Pubdate: Thu, 07 Jun 2007
Source: Wall Street Journal (US)
Page: B8
Column: Informed Reader
Copyright: 2007 Dow Jones & Company, Inc.
Note: Relevant part of a longer column.
Referenced: Snow Fall
Bookmark: (Cocaine)


The Atlantic -- July-August

Demand for cocaine stays steady, Colombia's coca fields are 
destroyed, yet the drug's street price in the U.S. continues to fall.

The Atlantic's Ken Dermota explains how drug smugglers and dealers 
have eked out efficiencies in their operations to keep their prices 
low. The U.S. Coast Guard has been able to catch only a small 
percentage of the drugs entering the country since President Nixon 
declared a "war on drugs" in 1971. In 2000, the U.S. decided to 
switch tactics and take the fight to Colombia, which produces 90% of 
the cocaine sold in the U.S. Since then, it has spent $4.7 billion 
fighting rebels who grow and sell the crop, as well as destroying coca fields.

The price of cocaine -- the pure version, not crack -- has kept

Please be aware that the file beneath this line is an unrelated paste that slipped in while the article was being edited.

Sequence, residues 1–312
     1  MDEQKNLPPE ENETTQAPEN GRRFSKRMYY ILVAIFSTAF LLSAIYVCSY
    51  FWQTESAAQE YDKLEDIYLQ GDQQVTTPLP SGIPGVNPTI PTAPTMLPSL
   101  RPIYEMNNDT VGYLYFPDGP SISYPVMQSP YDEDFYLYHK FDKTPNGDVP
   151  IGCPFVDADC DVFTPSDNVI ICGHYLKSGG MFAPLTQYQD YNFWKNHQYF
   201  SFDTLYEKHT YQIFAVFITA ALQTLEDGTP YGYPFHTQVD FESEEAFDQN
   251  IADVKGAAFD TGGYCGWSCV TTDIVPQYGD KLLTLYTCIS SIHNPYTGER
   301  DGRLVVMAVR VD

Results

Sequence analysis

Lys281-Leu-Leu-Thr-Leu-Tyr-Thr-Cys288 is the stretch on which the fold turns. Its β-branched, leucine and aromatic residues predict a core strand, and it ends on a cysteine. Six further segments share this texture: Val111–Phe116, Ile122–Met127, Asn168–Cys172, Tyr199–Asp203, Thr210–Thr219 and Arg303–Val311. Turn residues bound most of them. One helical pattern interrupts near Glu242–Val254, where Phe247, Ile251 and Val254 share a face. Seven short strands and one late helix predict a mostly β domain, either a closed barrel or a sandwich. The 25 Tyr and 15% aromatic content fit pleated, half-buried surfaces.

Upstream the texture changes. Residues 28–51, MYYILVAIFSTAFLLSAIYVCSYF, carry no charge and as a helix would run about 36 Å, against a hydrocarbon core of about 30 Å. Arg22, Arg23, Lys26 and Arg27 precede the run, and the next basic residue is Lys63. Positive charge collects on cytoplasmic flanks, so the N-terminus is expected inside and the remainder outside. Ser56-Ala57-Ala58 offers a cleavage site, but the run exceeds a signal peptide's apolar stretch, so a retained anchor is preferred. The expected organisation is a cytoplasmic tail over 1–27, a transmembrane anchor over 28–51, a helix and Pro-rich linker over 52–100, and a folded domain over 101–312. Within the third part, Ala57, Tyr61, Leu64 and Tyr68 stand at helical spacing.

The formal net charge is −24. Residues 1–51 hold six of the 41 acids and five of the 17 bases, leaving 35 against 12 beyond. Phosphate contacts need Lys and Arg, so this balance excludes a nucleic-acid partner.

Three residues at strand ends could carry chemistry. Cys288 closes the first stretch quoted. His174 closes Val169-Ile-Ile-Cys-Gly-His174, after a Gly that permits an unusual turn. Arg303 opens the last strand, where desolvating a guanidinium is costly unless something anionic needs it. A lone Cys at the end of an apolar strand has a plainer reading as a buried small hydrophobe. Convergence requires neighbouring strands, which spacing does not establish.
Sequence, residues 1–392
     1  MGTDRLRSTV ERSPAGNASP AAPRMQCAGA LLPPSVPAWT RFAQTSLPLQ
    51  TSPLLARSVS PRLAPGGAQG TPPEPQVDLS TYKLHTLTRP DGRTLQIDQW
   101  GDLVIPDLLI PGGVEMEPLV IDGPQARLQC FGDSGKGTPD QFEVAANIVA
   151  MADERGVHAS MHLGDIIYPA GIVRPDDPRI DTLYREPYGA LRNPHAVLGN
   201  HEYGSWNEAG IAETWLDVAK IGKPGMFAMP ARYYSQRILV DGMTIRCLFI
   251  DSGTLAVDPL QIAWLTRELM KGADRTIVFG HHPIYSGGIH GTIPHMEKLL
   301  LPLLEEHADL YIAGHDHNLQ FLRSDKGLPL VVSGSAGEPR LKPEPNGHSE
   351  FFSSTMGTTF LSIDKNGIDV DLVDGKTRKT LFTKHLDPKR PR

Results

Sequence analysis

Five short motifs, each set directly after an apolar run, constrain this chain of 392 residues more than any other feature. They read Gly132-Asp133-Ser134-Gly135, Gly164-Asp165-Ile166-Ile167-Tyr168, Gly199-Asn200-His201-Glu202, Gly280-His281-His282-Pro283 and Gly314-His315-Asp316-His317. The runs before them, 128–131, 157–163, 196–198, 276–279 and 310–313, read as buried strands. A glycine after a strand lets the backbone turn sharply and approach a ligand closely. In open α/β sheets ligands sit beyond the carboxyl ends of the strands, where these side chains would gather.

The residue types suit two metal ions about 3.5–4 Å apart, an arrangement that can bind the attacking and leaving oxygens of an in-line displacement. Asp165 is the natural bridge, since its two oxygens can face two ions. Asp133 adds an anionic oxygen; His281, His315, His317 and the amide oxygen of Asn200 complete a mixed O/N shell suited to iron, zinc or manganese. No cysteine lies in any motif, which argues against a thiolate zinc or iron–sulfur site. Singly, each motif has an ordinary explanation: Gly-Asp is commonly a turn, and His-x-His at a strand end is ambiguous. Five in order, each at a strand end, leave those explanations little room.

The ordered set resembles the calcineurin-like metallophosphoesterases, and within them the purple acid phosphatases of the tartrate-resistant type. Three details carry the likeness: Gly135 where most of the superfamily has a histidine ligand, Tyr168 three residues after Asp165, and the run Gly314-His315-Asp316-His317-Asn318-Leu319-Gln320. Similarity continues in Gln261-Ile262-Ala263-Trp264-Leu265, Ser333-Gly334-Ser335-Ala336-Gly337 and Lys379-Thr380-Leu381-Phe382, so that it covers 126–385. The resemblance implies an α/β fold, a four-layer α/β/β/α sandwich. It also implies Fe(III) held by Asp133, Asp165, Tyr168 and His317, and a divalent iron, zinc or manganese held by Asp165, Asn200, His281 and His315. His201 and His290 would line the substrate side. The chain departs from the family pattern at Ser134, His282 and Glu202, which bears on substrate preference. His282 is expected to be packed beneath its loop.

falling. In the early 1980s, the price of a gram of cocaine was about 
$600. By the late 1990s the price had fallen to about $200. According 
to the Drug Enforcement Administration, the street price of a gram of 
cocaine in 2005 was $20-$25 in New York, $30-$100 in Los Angeles and 
$100-$125 in Denver.

Some of the price decrease has come from more efficient distribution 
networks. Labor costs also have decreased. Street vendors take a 
smaller cut of the drug's proceeds. A lot of the drug dealers who 
fell prey to an aggressive imprisonment campaign in the 1990s are now 
leaving prison. Their felony conviction and minimal job experience 
means they have few other ways to make money and are willing to take a pay cut.

The falling street price also reflects the lower risk of handling the 
drug. The violence of the 1980s crack boom has faded and, since 2001, 
federal drug prosecutions have fallen 25% as agents get diverted to 
the hunt for terrorists.
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MAP posted-by: Richard Lake